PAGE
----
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The latest issue of Famitsu has an interview with Yoshida Jounosuke of Atlus, who is in charge of Etrian Odyssey X’s battle system.

When asked about how the 18 returning classes in X were chosen, Yoshida says that the primary criteria was the popularity of classes that would fit into the game system-wise, and that the secondary criteria was classes to cover roles that remained lacking in the roster. For example, the Cestus (Pugilist) class was added because the first group of classes selected did not include any with bashing and binding attacks, while the Doctor Magus (War Magus) was added because the Medic was the only healer class in the roster at that point. He said that they wanted to put in all of the popular classes, but that actually doing so would have skewed the balance of the game in favour of fancy offensive classes.

When asked about the Hero, Yoshida says that they first wanted to make it a class with balanced offensive and defensive capabilities, but that they found that this made it little more than a combination of other classes. It was only by adding after-images as an element found in no other class and other skills with good synergy with it that they managed to turn it into a class that can do things no other can. He calls it a unique and fun-to-use class worthy of being the face of X.

The interviewer asks about the after-images, and Yoshida goes into detail: When an after-image appears, it does the same skills as the Hero, except on the following turn. This means that it becomes possible for skills that usually cannot be used multiple times in a row to be activated multiple turns in a row, or for skills that only have an effect for one turn to be extended to two. After-images use not only the Hero’s own class skills, but also their subclass skills: For example, if the subclass is an Imperial, the Drive skill which usually requires multiple turns for preparation can be used multiple times in a row. On the other hand, if using Hero as a subclass to Nightseeker, the character can cover the Nightseeker’s weaknesses of having low defence and not having multi-target attacks. After-images can also help increase the chances of inflicting status ailments.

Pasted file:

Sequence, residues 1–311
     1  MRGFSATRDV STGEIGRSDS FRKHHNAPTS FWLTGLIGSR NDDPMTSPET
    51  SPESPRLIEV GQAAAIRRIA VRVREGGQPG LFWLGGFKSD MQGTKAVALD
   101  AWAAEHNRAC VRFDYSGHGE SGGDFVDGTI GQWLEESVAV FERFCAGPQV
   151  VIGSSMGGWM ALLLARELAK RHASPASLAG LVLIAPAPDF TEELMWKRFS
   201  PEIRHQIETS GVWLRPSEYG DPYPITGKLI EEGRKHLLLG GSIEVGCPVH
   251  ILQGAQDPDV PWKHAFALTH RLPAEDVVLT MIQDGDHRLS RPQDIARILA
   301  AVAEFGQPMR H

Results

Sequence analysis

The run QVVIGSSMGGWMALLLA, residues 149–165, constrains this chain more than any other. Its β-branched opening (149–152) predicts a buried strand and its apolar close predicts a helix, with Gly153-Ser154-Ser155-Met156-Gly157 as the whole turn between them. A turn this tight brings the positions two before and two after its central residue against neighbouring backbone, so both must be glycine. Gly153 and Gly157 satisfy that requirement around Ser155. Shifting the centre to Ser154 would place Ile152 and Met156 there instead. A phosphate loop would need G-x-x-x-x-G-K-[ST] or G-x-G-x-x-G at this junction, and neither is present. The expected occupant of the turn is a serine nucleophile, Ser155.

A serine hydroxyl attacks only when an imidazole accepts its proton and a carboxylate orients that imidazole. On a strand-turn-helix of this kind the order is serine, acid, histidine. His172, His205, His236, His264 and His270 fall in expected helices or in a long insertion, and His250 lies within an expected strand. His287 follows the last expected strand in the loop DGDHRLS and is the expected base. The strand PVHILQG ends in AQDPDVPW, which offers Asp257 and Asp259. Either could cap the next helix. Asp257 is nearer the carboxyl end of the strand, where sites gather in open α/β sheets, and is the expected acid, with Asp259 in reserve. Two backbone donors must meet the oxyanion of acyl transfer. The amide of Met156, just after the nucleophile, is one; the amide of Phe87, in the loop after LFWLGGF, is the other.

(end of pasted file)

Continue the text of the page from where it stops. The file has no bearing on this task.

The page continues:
The interviewer mentions how 1, 2 and 5 did not have subclasses, and Yoshida talks about this as well, saying that subclasses can be used to make up for weakness. For example: Swordsman (Landsknecht), a class that can learn speed and accuracy boosting skills, would be a good subclass for the Gunner. Meanwhile, using Reaper (Harbinger) as a subclass for Doctor Magus (War Magus) would allow that character to use the scythe’s skills to inflict status ailments that help fulfil requirements for the Magus skills, or for the Magus’ forst boost to activate the Reaper’s passive skills.

Yoshida says that X’s skill tree is slowly unlocked as a character grows, like in 4, but that they also made it so that there are more skills that make jobs’ individual styles stand out more, or expand the player’s choices, so that it’s easier to make characters with more individuality derived from their skills.

Because there are also subclasses in X, the skill tree is also made so that there are less requirements to learn specific skills compared to 5, making it easier for players to get the skill they want without spending large numbers of skill points on lower skills that they don’t want, giving players a higher degree of freedom in character creation. They also made it easier to put points into skills, which makes respeccing easier as well.

Yoshida talks about the difficulty of balancing classes that were never meant to be alongside each other, let alone with subclasses. He says that they are doing their best to ensure that they keep the individual classes’ identities intact, and are balancing them in a way that this shows the most when they’re used as the main class.

The interview concludes with Yoshida saying that there are countless combinations in the game, and hopes that it turns out to be one where players will want to try everything out.

 

Sekaiju no Meikyuu X will be released in Japan on 2nd August 2018, with physical and digital versions of the game are priced at 6,480 yen (excluding tax). Non-Japanese versions of the game have not yet been announced.

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